Skype's Server Upgrade Triggers Wiretapping Worries
Is Big Brother watching your Skype sessions? Some technical upgrades to the system following Microsoft's acquisition of the video-calling service have raised that fear. Skype hasn't flatly denied it, but "given how sensitive to latency voice -- and even more so video -- are, I find this to be implausible from an engineering standpoint," said NSS Labs' Vikram Phatak.
Jul 24, 2012 4:18 PM PT
Fears have surfaced that Skype may be eavesdropping on communications over its service.
The concern is that supernodes Microsoft is introducing to Skype could make it easier to monitor calls, because they route the voice data in addition to initiating communications between parties.
"As was true before the Microsoft acquisition, Skype cooperates with law enforcement agencies as is legally required and technically feasible," Skype spokesperson Chaim Haas told TechNewsWorld.
However, the supernodes were being developed prior to Skype's being acquired by Microsoft, Haas said.
Skype developed the supernodes, which "can be located on dedicated servers within secure datacenters, as part of our ongoing commitment to continually improve the Skype user experience," said He Mark Gillett, head of Skype's product engineering and operations, in an earlier statement.
Just Another Eye in the Sky?
The fear is that Skype may be monitoring both voice and data communications.
Perhaps Microsoft's award of US patent 20110153809, which allows for legal interception, has fueled those fears.
The technology describes how data associated with a request to establish a communication is modified to cause it to be established via a path that includes a recording agent. Such modification could include adding, changing or deleting data.
However, "given how sensitive to latency voice -- and even more so video -- are, I find this to be implausible from an engineering standpoint," Vikram Phatak, CEO of NSS Labs, told TechNewsWorld.
Latency is behind the spotty voice conversations people experience when using a Voice over IP phone system. It's caused by delays in the transmission of packets of data over the network.
"Skype would lose users due to poor quality very quickly" if data were being intercepted at the supernodes," Phatak continued. "More likely, the handoff details are being shared with law enforcement, which is no different from what telephone carriers do today."
Further, communications can be -- "and in the case of international communications are already -- monitored by government servers," Jim McGregor, founder and principal analyst of Tirias Research, told TechNewsWorld. "This is already a reality and a result of the current state of the world."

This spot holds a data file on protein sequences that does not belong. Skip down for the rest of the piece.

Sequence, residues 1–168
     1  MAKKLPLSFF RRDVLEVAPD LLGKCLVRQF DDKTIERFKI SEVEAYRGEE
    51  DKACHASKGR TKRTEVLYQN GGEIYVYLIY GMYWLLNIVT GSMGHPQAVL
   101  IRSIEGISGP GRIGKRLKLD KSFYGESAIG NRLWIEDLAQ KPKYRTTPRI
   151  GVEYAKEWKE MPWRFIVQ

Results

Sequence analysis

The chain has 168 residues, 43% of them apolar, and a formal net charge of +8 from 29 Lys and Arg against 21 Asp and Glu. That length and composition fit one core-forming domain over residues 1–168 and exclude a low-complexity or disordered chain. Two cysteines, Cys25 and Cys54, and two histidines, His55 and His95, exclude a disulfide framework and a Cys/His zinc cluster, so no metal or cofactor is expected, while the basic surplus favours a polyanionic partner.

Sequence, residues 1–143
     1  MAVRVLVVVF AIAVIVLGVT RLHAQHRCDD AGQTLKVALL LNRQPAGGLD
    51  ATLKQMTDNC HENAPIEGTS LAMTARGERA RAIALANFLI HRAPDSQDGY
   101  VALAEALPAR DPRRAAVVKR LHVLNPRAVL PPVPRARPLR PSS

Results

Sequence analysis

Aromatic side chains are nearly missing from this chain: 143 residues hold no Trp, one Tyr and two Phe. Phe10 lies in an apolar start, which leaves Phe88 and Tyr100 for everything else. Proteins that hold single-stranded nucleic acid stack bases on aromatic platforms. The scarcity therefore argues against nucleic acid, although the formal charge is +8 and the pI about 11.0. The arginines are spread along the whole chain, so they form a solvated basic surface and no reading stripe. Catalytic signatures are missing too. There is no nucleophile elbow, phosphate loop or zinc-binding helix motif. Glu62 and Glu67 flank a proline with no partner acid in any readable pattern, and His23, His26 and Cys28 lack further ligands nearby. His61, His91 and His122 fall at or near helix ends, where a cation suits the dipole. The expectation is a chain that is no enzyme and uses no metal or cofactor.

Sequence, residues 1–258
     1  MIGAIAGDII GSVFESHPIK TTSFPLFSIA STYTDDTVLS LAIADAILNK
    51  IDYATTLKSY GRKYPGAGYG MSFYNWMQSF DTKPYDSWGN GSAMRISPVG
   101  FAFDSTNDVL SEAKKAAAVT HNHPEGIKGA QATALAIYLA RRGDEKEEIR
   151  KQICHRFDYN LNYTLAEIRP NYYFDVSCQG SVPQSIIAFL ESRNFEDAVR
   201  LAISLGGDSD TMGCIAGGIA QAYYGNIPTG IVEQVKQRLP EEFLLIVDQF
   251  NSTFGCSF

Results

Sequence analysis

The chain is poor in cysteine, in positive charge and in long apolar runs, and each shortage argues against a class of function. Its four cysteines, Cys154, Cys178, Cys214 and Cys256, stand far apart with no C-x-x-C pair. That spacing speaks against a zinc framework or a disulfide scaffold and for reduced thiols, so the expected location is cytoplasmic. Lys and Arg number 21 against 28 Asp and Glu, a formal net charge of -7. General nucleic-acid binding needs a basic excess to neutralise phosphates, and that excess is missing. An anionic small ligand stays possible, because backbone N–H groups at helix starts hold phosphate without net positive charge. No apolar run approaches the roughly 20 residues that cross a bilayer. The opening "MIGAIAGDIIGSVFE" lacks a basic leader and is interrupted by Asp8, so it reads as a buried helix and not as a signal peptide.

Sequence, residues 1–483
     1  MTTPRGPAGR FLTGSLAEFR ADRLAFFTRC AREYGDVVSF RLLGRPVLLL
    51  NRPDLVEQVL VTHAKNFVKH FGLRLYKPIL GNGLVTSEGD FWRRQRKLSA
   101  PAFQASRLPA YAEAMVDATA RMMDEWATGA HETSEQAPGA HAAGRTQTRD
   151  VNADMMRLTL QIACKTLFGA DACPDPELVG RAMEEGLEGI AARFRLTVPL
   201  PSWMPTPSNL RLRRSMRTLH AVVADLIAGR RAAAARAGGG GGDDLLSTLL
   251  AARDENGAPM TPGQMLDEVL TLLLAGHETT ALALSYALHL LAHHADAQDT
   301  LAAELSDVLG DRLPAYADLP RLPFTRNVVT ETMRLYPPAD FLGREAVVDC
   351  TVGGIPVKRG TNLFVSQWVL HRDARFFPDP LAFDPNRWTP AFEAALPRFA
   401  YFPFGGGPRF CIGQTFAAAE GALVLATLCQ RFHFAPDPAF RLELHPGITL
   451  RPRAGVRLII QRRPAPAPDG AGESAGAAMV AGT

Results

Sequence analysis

The Mighty, Mighty Supernode
In Skype's supernode-based hierarchical peer-to-peer architecture, some ordinary nodes were previously selected to double as supernodes. The selection criteria appear to be reachability and spare bandwidth. The supernodes maintain an overlay network among themselves and take queries from ordinary nodes associated with them.
However, Microsoft appears to have taken over and installed its own supernodes instead, following its purchase of Skype earlier this year. Changes in Skype's supernode setup were reported in the Expertmiami blog in May.
Microsoft had trimmed the number of supernodes from about 48,000 to 10,000, the blog pointed out. Those 10,000 supernodes run on Linux boxes using GRSecurity.
Skype's introduction of its own supernodes hasn't changed the underlying nature of its P2P architecture, in which supernodes simply allow users to find one another, the company's Gillett said in response to the Expertmiami report. The move to supernodes improves scalability, performance and availability of the Skype service, and calls do not pass through supernodes.
Supernodes and Security
If Skype should move to a proxy model with all traffic flowing through supernodes, "it would make it easier for bad actors of all flavors," NSS Labs' Patak said. That's "not because the keys are easier to find [but] because all the targets would pass through a central choke point."
However, because this approach would probably cause "major performance problems," it's not likely the route Skype is taking, he added.
Further, "there's no reason to believe that some hackers can't already break in and intercept communications," Randy Abrams, director of research at NSS Labs, told TechNewsWorld. "If you're not acting with this assumption, then you aren't thinking about security properly."
The fuss over the supernodes possibly making it easier to monitor communications over Skype could be a tempest in a teapot.
"The real question is, should you really be concerned about this level of security?" Tirias Research's McGregor asked. "Are you and your company doing anything that would warrant this level of security? With the amount of proprietary or secure information that's being passed through open email channels today, voice communications over Skype should be the least concern of individuals or companies."